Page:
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      Stable and swift: The title complex is stable to air and water under thermal conditions. It efficiently activates the C[BOND]H bonds of alkanes and arenes at rates 50 times higher than does the only previously reported O-donor IrIII complex (see picture).

    25. The Direct Catalytic Enantioselective Synthesis of Protected Aryl β-Hydroxy-α-Amino Acids (pages 1543–1545)

      Michael C. Willis, Gary A. Cutting, Vincent J.-D. Piccio, Matthew J. Durbin and Matthew P. John

      Version of Record online: 28 JAN 2005 | DOI: 10.1002/anie.200462125

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      The combination of three reagents—a tridentate pybox ligand (pybox=pyridine bis(oxazoline)), magnesium perchlorate, and Hünig base (iPr2EtN)—allows the catalytic generation of a chiral glycine enolate from 1 that undergoes highly enantioselective addition to a range of aryl aldehydes 2. The protected aryl β-hydroxy-α-amino acid products obtained include a protected version of one of the aryl serine units present in the glycopeptide antibiotic vancomycin.

    26. Enantioselective Protonation of Silyl Enolates Catalyzed by a Binap⋅AgF Complex (pages 1546–1548)

      Akira Yanagisawa, Taichiro Touge and Takayoshi Arai

      Version of Record online: 11 JAN 2005 | DOI: 10.1002/anie.200462325

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      Silver lining: A catalytic enantioselective protonation of trimethylsilyl enolates uses a binap/silver(I) fluoride complex as a chiral catalyst in a mixture of dichloromethane and methanol (see scheme). Various ketones with tertiary asymmetric carbon centers at the α position can be prepared with high enantioselectivities.

    27. Powerful Chiral Phase-Transfer Catalysts for the Asymmetric Synthesis of α-Alkyl- and α,α-Dialkyl-α-amino Acids (pages 1549–1551)

      Masanori Kitamura, Seiji Shirakawa and Keiji Maruoka

      Version of Record online: 31 JAN 2005 | DOI: 10.1002/anie.200462257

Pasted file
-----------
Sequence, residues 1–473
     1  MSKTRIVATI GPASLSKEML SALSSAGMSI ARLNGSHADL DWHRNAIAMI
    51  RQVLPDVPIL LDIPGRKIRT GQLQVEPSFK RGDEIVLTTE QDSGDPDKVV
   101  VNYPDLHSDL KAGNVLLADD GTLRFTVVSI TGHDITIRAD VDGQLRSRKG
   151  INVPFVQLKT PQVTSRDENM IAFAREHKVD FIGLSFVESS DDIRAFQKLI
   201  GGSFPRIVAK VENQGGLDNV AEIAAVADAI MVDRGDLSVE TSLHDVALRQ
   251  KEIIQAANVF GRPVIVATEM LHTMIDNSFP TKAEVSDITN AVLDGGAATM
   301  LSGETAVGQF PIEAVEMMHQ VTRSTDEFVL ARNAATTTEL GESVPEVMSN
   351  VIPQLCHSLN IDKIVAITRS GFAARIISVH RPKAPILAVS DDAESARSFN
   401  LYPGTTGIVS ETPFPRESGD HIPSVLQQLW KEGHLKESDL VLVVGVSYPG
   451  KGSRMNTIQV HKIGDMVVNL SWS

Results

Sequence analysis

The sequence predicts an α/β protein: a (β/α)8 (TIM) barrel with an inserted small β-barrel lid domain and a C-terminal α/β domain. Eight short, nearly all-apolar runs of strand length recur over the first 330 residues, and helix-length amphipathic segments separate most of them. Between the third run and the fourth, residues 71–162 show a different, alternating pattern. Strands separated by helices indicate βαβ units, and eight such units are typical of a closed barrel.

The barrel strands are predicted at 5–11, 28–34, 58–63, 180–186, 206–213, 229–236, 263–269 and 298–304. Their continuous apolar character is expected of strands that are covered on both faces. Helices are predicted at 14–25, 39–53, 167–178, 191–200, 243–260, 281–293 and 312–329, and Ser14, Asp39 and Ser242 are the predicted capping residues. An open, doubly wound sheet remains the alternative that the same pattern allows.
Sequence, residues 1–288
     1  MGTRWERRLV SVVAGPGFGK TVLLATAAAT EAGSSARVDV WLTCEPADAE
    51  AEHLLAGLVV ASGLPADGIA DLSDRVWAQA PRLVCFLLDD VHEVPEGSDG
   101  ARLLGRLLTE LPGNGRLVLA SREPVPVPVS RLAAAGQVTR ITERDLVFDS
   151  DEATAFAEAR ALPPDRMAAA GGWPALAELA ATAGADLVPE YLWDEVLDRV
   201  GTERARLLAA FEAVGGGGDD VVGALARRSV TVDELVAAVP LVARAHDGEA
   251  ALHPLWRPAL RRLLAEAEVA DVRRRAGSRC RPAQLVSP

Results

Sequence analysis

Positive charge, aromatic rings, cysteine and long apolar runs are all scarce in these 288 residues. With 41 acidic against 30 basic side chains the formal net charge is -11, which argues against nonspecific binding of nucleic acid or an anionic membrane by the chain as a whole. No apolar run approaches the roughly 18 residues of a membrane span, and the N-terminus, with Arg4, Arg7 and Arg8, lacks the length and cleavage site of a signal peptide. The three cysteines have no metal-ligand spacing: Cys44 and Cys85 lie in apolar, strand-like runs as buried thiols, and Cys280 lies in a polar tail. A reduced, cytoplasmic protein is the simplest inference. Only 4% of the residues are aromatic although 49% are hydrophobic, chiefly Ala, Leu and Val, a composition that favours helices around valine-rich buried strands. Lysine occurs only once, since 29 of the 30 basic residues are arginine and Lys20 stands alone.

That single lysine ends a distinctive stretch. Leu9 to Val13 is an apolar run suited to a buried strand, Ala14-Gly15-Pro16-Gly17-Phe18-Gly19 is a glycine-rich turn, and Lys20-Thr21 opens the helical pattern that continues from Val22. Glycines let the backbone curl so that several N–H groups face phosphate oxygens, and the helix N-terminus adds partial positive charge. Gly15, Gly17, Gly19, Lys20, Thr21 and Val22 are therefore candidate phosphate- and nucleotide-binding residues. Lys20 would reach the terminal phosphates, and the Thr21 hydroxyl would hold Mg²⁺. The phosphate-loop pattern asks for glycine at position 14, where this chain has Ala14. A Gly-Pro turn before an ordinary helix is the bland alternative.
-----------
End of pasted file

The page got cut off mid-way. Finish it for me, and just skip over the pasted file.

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      The catalytic performance of the chiral phase-transfer catalyst 1 (0.1–0.01 mol %) in the asymmetric alkylation of protected glycine and alanine derivatives exceeds that of existing catalysts. The reaction is used in the enantioselective synthesis of structurally diverse natural and non-natural α-alkyl and α,α-dialkyl-α-amino acids.

    28. Novel Strategy for the Synthesis of the Butenolide Moiety of Peridinin (pages 1553–1557)

      Thomas Olpp and Reinhard Brückner

      Version of Record online: 28 JAN 2005 | DOI: 10.1002/anie.200460259

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      Tartaric acid is the starting point for the stereoselective synthesis of the butenolide unit (see scheme)in peridinin, a marine carotenoid. Key steps were the desymmetrization of tartaric acid bis(Weinreb amide), an E-selective olefination by Ando-type bromophosphonates, and an anti-selective Mitsunobu elimination (for establishing the C1′[DOUBLE BOND]Cγ bond).

    29. Gadolinium Nitride Gd3N in Carbon Cages: The Influence of Cluster Size and Bond Strength (pages 1557–1560)

      Matthias Krause and Lothar Dunsch

      Version of Record online: 26 JAN 2005 | DOI: 10.1002/anie.200461441

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      Extra filling: A covalent gadolinium nitride is prepared and encapsulated as a Gd3N cluster in fullerene cages ranging in size from C80 to C88. The most abundant structure, Gd3N@C80 (I) (see figure; gray C, red Gd), is a large-energy-gap material based on an icosahedral cage. Gd3N is the largest rare-earth nitride cluster to be caged in a fullerene to date. This compound has potential application as an effective contrast agent in magnetic resonance imaging.

    30. Reversible Cross-Linking of Hyperbranched Polymers: A Strategy for the Combinatorial Decoration of Multivalent Scaffolds (pages 1560–1563)

      Michael Barth, Rainer Fischer, Roland Brock and Jörg Rademann

      Version of Record online: 2 FEB 2005 | DOI: 10.1002/anie.200460559

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      All decked out: Peptide-decorated dendritic polymers were synthesized on macroscopic polymer resins and then released by cleaving the reversible cross-linkers (see scheme). The released multivalent structures entered cells efficiently at low concentrations by endocytosis.

    31. Complete Self-Assembly of Discrete Supramolecular Dendrimers (pages 1564–1567)

      Alexander Franz, Walter Bauer and Andreas Hirsch

      Version of Record online: 28 JAN 2005 | DOI: 10.1002/anie.200462104

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      Simply mixing a core (black) with defined amounts of branching units (red) and end caps (blue) leads to programmed complete self-assembly of supramolecular dendrimers through complimentary and multiple hydrogen bonding.